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see interestinterest,
charge for the use of credit or money, usually figured as a percentage of the principal and computed annually. Simple interest is computed annually on the principal.
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cowardly and deceitful moneylender. [Br. Lit.: Our Mutual Friend]
Gride, Arthur
extorting moneylender. [Br. Lit.: Nicholas Nickleby]
loaned gold for huge interest rates and sexual favors. [Gk. Lit.: The Golden Ass]
Nickleby, Ralph
avaricious and ungentlemanly moneylender. [Br. Lit.: Nicholas Nickleby]
shrewd, avaricious moneylender. [Br. Lit.: Merchant of Venice]
References in periodicals archive ?
He even goes so far as to offer the requested loan at no interest--an extraordinary gesture for a usurer to make.
67-70), [After making these remarks, the usurer Alfius, on the verge of becoming a farmer called in all his money on the Ides, wanting to lend it out on the Kalends.
By extension, not only Agadhoe Abbey (23), but Bawn (whose first name refers to a fortified dwelling in Gaelic) must be sold off to the highest bidder in order to pay its debts to the ill-begotten usurer and keep its unsavory history quiet.
This punto vivo is awakened by the laughter of his wife and his administrator who cannot understand Moscarda's resentment at being called usurer by the townspeople.
The bill defines the maximum allowed interest rate, high interest rate, borrowing, borrower, lender, usurer, usury, usurious interest rates.
Uccello's six-part predella tells the story of a Christian woman who is duped by a Jewish usurer into stealing the Eucharist in exchange for cash.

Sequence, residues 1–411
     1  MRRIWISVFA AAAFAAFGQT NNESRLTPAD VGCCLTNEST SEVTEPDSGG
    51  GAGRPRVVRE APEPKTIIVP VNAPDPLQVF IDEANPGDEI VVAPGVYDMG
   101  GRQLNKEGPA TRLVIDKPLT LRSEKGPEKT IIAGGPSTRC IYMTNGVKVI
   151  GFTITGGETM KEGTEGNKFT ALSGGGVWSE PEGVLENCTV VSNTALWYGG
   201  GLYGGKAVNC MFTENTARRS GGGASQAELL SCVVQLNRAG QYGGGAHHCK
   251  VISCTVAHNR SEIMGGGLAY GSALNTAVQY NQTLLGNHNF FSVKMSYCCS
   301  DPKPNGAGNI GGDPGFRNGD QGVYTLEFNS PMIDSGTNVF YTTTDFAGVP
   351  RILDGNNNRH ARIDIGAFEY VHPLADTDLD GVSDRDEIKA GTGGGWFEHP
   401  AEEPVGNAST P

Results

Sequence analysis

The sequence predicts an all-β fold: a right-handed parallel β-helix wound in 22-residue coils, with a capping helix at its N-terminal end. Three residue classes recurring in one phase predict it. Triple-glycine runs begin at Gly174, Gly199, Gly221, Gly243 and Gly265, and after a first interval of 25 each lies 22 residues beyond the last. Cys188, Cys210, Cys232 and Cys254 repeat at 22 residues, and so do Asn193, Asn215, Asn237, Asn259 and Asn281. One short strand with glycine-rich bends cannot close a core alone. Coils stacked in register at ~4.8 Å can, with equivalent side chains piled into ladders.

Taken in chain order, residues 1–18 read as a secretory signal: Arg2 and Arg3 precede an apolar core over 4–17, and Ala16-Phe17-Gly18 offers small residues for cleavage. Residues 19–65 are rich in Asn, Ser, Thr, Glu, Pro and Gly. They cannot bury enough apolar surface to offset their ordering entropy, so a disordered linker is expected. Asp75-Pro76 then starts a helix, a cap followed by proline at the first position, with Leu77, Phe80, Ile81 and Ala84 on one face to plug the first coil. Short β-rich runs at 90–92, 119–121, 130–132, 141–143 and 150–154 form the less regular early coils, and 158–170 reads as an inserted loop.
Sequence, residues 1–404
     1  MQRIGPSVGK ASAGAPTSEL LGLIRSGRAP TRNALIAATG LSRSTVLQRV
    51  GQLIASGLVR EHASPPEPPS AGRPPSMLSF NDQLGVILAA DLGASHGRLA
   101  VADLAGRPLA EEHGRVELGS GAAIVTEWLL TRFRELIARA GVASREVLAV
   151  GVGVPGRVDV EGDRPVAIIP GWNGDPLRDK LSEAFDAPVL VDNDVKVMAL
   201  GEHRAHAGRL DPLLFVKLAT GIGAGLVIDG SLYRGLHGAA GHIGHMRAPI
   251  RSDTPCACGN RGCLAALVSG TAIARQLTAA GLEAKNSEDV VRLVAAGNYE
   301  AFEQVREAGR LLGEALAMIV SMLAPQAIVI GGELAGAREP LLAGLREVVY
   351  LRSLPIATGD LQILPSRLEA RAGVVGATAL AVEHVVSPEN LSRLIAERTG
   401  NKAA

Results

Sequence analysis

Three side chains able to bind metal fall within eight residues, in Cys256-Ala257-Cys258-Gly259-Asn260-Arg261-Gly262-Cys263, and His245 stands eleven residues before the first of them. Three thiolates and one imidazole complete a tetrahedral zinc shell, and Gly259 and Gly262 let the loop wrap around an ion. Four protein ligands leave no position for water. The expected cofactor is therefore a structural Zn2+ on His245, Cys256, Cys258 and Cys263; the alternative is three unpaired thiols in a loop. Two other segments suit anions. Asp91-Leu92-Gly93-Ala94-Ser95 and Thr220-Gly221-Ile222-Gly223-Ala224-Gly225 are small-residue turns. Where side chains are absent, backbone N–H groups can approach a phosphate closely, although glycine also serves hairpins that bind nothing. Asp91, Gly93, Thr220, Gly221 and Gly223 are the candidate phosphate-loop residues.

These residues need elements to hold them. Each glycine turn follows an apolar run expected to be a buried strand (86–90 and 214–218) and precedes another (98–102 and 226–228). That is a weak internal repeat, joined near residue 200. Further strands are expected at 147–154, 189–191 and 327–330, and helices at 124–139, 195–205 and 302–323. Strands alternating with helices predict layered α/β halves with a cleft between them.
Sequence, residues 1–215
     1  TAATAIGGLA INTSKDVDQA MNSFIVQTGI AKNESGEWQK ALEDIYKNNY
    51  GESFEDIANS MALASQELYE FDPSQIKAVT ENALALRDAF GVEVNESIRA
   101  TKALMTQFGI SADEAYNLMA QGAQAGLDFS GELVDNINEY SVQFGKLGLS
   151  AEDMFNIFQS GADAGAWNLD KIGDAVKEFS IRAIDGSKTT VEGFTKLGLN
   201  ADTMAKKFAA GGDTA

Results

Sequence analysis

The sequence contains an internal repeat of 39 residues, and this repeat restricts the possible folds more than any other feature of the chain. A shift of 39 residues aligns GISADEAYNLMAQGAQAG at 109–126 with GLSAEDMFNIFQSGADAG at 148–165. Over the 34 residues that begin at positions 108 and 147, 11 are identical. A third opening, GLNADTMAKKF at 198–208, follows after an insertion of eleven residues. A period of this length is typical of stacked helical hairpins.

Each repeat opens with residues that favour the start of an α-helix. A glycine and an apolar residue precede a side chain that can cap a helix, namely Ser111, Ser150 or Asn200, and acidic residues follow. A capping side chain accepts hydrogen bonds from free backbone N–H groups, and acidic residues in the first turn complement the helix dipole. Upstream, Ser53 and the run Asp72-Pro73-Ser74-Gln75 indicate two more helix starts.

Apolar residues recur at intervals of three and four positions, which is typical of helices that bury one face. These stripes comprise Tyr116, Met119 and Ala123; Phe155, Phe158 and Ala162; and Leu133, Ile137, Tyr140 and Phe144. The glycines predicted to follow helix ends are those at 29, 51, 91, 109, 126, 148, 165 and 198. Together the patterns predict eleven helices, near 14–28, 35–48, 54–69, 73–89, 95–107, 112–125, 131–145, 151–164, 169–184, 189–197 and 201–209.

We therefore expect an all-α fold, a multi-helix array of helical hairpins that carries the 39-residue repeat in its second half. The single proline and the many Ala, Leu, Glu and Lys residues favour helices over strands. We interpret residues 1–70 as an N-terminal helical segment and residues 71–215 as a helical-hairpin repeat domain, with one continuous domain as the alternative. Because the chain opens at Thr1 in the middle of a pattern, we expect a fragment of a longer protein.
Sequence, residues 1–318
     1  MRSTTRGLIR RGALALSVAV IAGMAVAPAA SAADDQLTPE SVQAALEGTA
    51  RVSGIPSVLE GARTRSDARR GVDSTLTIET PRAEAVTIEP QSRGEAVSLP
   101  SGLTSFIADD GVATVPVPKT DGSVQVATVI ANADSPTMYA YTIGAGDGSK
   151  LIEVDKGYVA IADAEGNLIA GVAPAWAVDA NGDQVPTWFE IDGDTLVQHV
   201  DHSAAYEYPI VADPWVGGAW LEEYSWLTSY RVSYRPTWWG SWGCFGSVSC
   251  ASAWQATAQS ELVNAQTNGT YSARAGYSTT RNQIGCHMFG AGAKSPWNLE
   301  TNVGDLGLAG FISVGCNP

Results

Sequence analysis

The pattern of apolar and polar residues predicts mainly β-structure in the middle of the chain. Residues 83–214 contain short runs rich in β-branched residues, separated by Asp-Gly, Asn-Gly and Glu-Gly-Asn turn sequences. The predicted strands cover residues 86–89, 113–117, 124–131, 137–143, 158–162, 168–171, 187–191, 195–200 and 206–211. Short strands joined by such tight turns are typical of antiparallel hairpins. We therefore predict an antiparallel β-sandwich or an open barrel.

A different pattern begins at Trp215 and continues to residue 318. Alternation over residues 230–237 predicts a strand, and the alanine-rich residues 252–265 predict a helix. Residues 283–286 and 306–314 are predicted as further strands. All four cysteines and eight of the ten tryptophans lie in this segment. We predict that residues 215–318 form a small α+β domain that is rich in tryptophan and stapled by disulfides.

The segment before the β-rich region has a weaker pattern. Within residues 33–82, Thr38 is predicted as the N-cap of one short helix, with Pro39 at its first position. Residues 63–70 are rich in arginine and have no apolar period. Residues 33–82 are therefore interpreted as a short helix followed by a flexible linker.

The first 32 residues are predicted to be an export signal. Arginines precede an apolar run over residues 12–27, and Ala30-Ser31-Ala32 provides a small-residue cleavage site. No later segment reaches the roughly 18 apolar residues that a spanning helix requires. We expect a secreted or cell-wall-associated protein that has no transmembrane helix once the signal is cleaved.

The poor occupiers are driven to flee; their wives are left alone; their children are helpless and are driven to beg their bread through the unmerciful dealing of the covetous usurer.
The usurer wants more than he can decently use, and to get it, he 'stoppeth' other people's use of things.
2 Verse 276 "If thou lend money to any of my people that is poor by thee, thou shalt not be to him as an usurer, neither shalt thou lay upon him usury.
To strengthen the thought that the tyrannical empire will disintegrate by natural forces, Habakkuk uses the parable of the usurer who piles up what is not his: Right suddenly will your creditors (noshekhekha) arise and you will be despoiled by them (2:7).
Though usury was "a trade brought in by the Jews, now perfectly practiced almost by every Christian and so commonly that he is accounted but for a fool that doth lend his money for nothing," (7) the irrational equivalence of moneylender and Jew was indestructible: as Danson explains, "since in theory the business of making barren metal breed more metal was inimical to the right-minded Christian, then ipso facto the usurer must, despite the attest of eyes and ears, be Jewish," (8) literally and/or figuratively.
According to Krstevska, Gruevski is not mad at the world investors that buy the second Macedonian bond with high interest rate of 10 percent but our banks described them as usurer.